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posted by mrpg on Tuesday June 08, @09:43AM   Printer-friendly
from the cement-cements-cembalos dept.

Visualizing cement hydration on a molecular level:

The concrete world that surrounds us owes its shape and durability to chemical reactions that start when ordinary Portland cement is mixed with water. Now, MIT scientists have demonstrated a way to watch these reactions under real-world conditions, an advance that may help researchers find ways to make concrete more sustainable.

[...] Cement in concrete contributes about 8 percent of the world's total carbon dioxide emissions, rivaling the emissions produced by most individual countries. With a better understanding of cement chemistry, scientists could potentially "alter production or change ingredients so that concrete has less of an impact on emissions, or add ingredients that are capable of actively absorbing carbon dioxide," says Admir Masic, associate professor of civil and environmental engineering.

[...] Using Raman microspectroscopy, the MIT scientists observed a sample of ordinary Portland cement placed underwater without disturbing it or artificially stopping the hydration process, mimicking the real-world conditions of concrete use. In general, one of the hydration products, called portlandite, starts as a disordered phase, percolates throughout the material, and then crystallizes, the research team concluded.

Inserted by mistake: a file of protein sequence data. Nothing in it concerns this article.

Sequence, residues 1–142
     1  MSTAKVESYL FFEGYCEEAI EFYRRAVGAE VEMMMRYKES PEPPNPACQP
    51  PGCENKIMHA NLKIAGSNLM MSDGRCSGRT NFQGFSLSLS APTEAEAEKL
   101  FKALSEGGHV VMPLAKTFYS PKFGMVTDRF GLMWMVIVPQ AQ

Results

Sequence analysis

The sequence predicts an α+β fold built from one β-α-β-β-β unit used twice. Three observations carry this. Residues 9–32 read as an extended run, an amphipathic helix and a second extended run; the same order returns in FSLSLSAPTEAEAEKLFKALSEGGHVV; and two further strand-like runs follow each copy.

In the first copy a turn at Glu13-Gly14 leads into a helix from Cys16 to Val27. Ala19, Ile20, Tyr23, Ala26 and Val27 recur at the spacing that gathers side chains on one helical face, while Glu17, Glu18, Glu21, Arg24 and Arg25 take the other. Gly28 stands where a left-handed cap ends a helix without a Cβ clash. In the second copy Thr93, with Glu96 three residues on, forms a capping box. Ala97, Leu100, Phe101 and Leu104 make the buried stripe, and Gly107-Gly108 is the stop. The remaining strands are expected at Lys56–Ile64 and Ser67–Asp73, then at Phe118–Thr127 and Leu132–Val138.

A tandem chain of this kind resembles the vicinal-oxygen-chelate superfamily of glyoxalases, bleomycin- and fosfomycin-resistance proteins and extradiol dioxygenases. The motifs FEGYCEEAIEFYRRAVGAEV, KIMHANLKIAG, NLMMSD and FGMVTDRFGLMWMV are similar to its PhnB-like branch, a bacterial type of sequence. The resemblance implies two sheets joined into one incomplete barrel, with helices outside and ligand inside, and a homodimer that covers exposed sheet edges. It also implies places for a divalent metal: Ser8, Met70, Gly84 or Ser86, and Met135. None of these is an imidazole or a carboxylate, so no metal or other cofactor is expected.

Journal Reference:
Hyun-Chae Loh, Hee-Jeong Kim, Franz-Josef Ulm, et al. Time-Space-Resolved Chemical Deconvolution of Cementitious Colloidal Systems Using Raman Spectroscopy, Langmuir (DOI: 10.1021/acs.langmuir.1c00609)


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  • (Score: 1) by khallow on Tuesday June 08, @04:25PM

    by khallow (3766) Subscriber Badge on Tuesday June 08, @04:25PM (#1143184) Journal

    Have a look and total up the six categories: transportation 29%, electricity production 25%, industry 23%, commercia/residential 13%, agriculture 10% and land use/forestry 12%.

    From the link:

    Land Use, Land-Use Change, and Forestry in the United States is a net sink and removes approximately 12 percent of these greenhouse gas emissions, this net sink is not shown in the above diagram.

    So if you add the first five categories, they total 100% (up to round off error) as one would expect. If we were to include the land use/forestry category, then the first five would actually total roughly 114% with 12% of that 114% taken off by land use to get 100%.

    Moral of this post: if you're going to complain about funny math, make sure your math isn't funnier.